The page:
I have no idea where the idea comes from that other houses have one or two specialites but the Martells do everything. Every family has medieval nobles, all of whom are trained to be politicians, diplomats and administrators, with varying degrees of success. The Starks do it, the Lannisters do it, the Tullys and Arryns and Baratheons and Tyrells do it. They all more or less fight the same way, with armies built around heavy armored cavalry with supporting infantry and archers.

    Not a single Martell is a wealthy merchant. One character, the one who was ONLY in book 3, so clearly not the subject of this diatribe, might possibly be seen as a terrifying warrior or cunning diplomat. Except he loses the only fight in which he engages and his version of diplomacy seemed to be consist of trying to pick fights with a kingdom that has ten times the numbers his own family can bring to bear. The Martells who suddenly show up late in the game are a wheelchair-bound man in his fifties, who is not a warrior and practices no diplomacy. He is intelligent, but his plans fall apart because he is too cautious & keeps too many secrets. There is a female character who is neither warrior nor merchant, and might be a competent diplomat, but mostly only persuades a group of friends to join her in a disastrous plot that fails because she didn’t know her people as well as she thought she did, and doesn’t understand the reality of her position. The prince whose four chapters of adventure were so lengthy is specifically played up as a very ordinary man, but for his birth status. He is just a regular guy on a mission over his head. And fails. Those are our brilliant Martells, with too much candy. A group of mediocrities whose plans fail even when they don’t die horribly.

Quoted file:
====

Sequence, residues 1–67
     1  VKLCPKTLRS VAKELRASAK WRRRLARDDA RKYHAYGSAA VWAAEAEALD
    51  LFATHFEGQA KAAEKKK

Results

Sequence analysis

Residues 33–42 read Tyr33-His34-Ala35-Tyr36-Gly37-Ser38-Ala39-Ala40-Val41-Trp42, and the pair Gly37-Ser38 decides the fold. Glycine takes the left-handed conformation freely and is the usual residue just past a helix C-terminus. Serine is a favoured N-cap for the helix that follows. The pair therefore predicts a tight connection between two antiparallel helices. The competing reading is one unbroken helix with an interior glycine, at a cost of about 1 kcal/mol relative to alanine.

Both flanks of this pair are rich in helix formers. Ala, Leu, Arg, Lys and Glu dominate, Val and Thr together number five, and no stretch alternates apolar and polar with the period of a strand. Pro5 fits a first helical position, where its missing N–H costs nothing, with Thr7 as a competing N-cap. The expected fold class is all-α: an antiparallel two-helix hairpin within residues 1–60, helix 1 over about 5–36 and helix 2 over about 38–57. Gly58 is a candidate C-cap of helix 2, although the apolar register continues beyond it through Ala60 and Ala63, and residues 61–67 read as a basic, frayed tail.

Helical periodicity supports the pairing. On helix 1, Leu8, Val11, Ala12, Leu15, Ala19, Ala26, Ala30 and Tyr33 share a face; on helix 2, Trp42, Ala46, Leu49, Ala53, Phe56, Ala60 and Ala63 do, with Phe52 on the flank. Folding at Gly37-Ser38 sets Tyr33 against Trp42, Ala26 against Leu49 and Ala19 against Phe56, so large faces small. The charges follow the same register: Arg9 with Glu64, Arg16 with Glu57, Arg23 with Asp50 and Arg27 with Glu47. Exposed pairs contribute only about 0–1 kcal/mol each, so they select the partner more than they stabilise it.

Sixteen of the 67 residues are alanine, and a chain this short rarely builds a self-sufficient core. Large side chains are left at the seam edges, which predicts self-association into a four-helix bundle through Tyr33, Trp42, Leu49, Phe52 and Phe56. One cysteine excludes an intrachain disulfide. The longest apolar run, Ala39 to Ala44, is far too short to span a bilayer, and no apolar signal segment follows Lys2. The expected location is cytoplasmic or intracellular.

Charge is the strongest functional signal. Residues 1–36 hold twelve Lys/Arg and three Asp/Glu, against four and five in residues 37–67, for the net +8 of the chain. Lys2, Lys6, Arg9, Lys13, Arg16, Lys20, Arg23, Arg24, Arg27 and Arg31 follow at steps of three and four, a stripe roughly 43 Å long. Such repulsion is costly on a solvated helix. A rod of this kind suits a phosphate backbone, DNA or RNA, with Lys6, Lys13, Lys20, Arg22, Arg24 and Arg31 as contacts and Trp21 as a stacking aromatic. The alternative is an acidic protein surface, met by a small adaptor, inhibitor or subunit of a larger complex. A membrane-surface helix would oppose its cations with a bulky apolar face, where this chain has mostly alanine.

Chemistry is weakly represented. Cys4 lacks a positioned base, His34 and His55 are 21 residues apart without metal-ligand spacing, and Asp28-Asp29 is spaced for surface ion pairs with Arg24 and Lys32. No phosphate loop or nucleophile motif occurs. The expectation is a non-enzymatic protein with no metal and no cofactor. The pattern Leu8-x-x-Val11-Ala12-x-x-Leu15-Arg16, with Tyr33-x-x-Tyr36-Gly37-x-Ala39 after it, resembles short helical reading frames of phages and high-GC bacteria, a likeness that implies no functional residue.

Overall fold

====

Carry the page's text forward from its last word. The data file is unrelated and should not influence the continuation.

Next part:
The egalitarianism of the Martells is largely an informed attribute. In the setting, their culture practices absolute primogeniture, rather than male-favored. Which means that on paper, the eldest child inherits, regardless of gender. And a significant point in the Martell story is that the eldest child believes her father is trying to pass her over in succession for her younger brother and marry her off to a powerful ally instead of letting her inherit his position and rule the family domain. The big reveal is that he DOES intend to let her inherit, but only because he has given up on that plan as the potential groom is dead. Their region also has less restrictive sexual mores, which means that though they still consider children born to unmarried parents to be bastards, and still made to use a general bastard surname instead of their parents’ names, but they are NOT treated like utter shit and allowed to have relationships with their families. Of course, when a bastard asks to marry his Martell lover, her father forbids it because he’s not of high enough rank. So, yeah. Super egalitarian.

  9. Rosenkavalier

    Another problem, which is related to points 3, 4 and 6, but which I think is rather different, is when the author has obviously got bored of the central conceit which originally inspired the series, or has developed a new interest (often political or religious) which they decide they’re going to shoehorn in, which the result that the style, theme or content of the series abruptly changes.